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Nukes and foresight

People have trouble assessing, comparing, and understanding risk in our world. Incidents like the the March 2011 Japanese nuclear disaster highlight this, and wake us up to why we need to understand risk, and risk over time, better. With their broad, systems view and long time horizons, the tools that futurists use are great for improving that thinking.

Nuclear energy involves two kinds of risk: acute and chronic. The acute risks are energy plant failure, radiation releases, and core meltdowns. The chronic risks come from maintaining and protecting the nuclear plant over time, and most importantly, safely storing spent nuclear fuel. That aspect could not be more long-term in human society terms. Some products of nuclear fission have half-lives in the range of tens of thousands, or millions of years. Can we even imagine human life in 22011 or 32011? But that long period is what we are affecting with our actions today.

Meanwhile, fossil fuel use looks like a routine, manageable process with straightforward issues of price and supply. But in fact, hydrocarbons are doing ongoing, cumulating damage to the environment, a long-term, chronic problem. Because its chronic, but less visible, and less scary to people overall, hydrocarbon energy seems safer to us.

When we compare these two main energy sources, we have to understand the relationships to time and risk, and they differ, near vs. long-term impacts, acute vs. chronic risk, near vs. long-term costs, and so on.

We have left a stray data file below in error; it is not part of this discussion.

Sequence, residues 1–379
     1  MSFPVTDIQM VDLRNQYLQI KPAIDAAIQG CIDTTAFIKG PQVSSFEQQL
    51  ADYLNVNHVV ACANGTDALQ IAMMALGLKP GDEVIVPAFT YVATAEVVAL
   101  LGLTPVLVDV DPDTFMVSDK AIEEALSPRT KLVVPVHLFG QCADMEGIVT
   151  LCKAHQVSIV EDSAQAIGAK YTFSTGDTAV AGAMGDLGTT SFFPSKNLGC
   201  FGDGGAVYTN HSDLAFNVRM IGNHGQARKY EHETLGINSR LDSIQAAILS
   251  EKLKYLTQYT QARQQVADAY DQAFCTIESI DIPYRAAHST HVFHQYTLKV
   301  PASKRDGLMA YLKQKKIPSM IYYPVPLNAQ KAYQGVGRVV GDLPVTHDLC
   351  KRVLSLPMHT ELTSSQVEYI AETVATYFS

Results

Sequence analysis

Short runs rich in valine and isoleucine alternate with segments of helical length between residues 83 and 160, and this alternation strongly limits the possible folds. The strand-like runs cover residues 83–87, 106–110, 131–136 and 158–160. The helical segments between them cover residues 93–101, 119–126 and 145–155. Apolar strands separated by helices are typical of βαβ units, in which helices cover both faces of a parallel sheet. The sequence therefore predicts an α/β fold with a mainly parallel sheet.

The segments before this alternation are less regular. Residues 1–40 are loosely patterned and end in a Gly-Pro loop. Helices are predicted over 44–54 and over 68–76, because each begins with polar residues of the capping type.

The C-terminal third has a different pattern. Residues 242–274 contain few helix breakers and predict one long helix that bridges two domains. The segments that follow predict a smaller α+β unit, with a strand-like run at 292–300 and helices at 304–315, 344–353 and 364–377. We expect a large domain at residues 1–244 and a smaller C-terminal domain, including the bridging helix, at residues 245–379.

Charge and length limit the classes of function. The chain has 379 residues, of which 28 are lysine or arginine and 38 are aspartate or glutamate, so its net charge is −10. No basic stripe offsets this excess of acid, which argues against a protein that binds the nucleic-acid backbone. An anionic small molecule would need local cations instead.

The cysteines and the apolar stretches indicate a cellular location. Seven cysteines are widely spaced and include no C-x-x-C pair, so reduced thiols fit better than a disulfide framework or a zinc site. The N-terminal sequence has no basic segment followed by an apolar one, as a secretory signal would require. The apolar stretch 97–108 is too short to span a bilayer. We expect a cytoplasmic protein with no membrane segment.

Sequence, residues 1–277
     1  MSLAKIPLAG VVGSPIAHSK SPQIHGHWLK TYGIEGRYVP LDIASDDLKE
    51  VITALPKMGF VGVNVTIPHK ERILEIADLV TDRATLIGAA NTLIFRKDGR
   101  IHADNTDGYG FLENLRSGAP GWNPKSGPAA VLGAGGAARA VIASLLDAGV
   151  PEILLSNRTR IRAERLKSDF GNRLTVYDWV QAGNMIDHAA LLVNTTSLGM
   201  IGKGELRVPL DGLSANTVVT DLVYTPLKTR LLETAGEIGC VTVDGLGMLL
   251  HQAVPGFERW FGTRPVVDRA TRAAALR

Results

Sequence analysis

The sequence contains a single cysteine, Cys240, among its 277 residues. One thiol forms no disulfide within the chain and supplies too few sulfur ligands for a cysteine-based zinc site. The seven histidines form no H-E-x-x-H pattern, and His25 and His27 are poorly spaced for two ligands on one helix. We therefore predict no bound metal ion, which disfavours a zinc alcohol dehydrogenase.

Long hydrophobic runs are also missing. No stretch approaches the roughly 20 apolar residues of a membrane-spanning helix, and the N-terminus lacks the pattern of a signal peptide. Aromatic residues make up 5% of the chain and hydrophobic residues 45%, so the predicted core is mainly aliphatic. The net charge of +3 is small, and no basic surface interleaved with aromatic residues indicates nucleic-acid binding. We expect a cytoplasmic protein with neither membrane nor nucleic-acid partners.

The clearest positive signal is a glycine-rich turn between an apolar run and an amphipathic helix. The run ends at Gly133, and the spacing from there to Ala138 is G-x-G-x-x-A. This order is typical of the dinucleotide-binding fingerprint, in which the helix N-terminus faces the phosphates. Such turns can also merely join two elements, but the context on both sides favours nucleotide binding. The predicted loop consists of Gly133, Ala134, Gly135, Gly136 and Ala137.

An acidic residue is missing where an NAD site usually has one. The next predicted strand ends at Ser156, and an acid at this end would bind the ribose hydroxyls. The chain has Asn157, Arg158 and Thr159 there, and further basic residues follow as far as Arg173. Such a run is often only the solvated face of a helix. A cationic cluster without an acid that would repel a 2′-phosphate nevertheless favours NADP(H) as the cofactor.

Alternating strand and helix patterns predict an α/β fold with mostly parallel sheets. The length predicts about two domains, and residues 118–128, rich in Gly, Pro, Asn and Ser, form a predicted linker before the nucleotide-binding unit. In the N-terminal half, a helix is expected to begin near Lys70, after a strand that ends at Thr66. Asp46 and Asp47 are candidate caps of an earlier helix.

We can benefit from exploring these differences, in helping people understand the future and the impacts of human action, near and long-term. And we can benefit from thinking about them as a way to portray, and study complex relationships in complex systems.

Unfortunately, people, including decisionmakers, tend to be weak at thinking about the broader systems and longer-term relationships. And whether they are skilled at that or not, the political pressures tend to force issues into narrower frameworks.

The tools of foresight, including systems thinking and scenarios can make a difference to getting people to understand the complex relationships and make more valid comparisons as they think through issues like this. 

So I guess the first step is to take a futurist to lunch!

Image: BlatantNews.com via Flickr Creative Commons Attribution License

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